The oil tanker Prestige, carrying a cargo of 77,000 tonnes of heavy bunker oil, sank off the coast of Galicia (NW Spain) on 19 November 2002. Most of the Galician coast was severely polluted with oil and hundreds of oiled seabirds were retrieved from beaches in the first weeks of the incident. The decision taken by Spanish authorities to tow the damaged vessel to deeper offshore waters has been described as a criminal act and was the reason why such a large area was affected. Seabird distribution in the offshore waters of Galicia has not been studied well and as a result, the impact of this spill on vulnerable populations is difficult to predict. Preliminary observations during dissections suggest that the most numerous victims (in decreasing order of abundance) have been: juvenile Razorbills (winter visitors), adult Atlantic Puffins (winter visitors), adult European Shags (residents), adult Northern Gannets (passage migrants), and juvenile Common Guillemots (winter visitors). By 23/24th November 2002 it was estimated that over 80% of Yellow-legged Gulls seen in coastal Galicia were oil-fouled, but relatively few of these were found dead or were received in rehabilitation centres. Proper impact assessments of oil spills have often been neglected in the past and would have been neglected here again. It is concluded that we need to be better prepared for dealing with the seabird casualties of the next major oil spill in Europe and that there is an urgent need for a contingency plan for Europe to establish such procedures.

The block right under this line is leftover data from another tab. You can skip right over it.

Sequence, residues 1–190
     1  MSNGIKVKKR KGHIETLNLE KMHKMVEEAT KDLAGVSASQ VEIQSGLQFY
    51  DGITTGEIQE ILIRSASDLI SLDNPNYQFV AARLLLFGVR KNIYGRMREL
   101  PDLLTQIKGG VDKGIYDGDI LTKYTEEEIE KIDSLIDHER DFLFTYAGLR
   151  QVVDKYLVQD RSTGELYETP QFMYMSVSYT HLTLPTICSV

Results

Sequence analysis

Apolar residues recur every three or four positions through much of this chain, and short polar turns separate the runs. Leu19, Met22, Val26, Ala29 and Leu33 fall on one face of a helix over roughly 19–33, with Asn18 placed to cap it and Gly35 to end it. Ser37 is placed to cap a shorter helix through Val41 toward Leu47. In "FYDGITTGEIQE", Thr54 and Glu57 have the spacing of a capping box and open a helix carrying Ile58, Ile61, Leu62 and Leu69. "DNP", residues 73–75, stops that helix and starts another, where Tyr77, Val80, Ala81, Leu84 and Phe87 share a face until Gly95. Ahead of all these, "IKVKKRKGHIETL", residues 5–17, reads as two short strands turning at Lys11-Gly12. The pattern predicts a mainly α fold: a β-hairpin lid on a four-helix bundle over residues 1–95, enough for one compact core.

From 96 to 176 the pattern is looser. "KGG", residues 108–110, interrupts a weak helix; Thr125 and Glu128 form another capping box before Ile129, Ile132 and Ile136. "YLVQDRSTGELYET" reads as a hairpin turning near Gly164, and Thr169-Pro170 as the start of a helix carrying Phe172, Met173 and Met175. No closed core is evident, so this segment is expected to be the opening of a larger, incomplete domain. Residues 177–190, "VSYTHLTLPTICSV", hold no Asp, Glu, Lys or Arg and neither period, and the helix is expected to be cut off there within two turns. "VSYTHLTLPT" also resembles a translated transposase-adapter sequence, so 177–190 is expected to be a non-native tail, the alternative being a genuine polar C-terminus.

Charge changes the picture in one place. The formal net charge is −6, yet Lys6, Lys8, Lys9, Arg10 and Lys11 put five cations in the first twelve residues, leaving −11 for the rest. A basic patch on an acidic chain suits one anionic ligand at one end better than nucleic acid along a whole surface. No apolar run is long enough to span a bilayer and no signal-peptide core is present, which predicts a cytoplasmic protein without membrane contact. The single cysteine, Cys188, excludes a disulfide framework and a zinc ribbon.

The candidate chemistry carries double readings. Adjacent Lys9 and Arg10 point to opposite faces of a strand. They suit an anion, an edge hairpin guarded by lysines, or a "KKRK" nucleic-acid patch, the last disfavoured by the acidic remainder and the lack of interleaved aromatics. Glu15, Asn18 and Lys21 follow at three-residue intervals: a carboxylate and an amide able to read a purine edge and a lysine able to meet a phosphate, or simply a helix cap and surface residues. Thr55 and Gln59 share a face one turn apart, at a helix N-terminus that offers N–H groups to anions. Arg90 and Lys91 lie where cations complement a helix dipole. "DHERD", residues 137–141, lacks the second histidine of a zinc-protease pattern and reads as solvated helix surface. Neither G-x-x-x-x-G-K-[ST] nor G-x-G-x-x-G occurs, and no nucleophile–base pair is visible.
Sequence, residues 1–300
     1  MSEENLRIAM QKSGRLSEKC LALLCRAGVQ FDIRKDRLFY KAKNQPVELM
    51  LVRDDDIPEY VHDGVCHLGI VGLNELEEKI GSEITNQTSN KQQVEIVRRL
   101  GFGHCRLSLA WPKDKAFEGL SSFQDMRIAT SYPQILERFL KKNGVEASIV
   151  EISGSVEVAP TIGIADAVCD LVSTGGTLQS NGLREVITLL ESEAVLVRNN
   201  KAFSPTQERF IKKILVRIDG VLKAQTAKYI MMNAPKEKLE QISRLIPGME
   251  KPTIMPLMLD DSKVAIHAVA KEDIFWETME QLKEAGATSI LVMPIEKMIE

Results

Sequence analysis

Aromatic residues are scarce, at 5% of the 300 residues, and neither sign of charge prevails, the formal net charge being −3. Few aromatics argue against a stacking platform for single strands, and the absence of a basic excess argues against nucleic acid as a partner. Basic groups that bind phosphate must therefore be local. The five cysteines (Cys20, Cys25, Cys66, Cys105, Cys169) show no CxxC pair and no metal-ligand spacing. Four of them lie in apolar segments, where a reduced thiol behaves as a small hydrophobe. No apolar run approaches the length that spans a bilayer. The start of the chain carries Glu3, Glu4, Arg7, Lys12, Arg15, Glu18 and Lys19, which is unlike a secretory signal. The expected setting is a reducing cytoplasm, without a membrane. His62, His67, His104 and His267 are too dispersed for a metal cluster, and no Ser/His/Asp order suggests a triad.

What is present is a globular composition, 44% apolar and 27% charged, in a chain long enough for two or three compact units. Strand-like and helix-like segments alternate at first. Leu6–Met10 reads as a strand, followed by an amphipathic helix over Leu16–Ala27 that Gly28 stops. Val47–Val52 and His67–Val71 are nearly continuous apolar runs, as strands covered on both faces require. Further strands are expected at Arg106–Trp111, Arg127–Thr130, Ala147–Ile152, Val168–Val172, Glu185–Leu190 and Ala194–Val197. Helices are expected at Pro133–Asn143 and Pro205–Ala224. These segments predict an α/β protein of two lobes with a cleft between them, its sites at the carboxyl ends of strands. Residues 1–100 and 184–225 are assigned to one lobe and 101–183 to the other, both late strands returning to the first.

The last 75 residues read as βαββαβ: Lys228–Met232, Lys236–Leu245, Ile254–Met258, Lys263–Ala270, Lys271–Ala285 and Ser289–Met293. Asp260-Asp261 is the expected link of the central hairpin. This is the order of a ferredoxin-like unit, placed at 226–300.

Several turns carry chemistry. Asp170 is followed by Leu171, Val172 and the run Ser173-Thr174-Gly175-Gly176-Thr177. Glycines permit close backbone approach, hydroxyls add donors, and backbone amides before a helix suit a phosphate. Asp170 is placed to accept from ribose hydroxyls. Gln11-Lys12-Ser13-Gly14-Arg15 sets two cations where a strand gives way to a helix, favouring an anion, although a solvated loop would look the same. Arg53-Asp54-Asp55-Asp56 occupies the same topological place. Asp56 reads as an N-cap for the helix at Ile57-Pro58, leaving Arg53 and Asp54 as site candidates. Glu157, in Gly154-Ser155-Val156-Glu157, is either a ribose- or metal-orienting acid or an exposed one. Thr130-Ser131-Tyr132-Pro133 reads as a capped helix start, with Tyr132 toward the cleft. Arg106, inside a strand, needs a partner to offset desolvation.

Atlantic seabirds

CC BY 3.0 NL ("Naamsvermelding")

Nederlandse Zeevogelgroep

Kees (C.J.) Camphuysen, Martin Heubeck, Sherri L. Cox, Roberto Bao, Diana Humple, Christine Abraham, & Antonio Sandoval. (2002). The Prestige oil spill in Spain. Atlantic seabirds, 4(3), 131–140.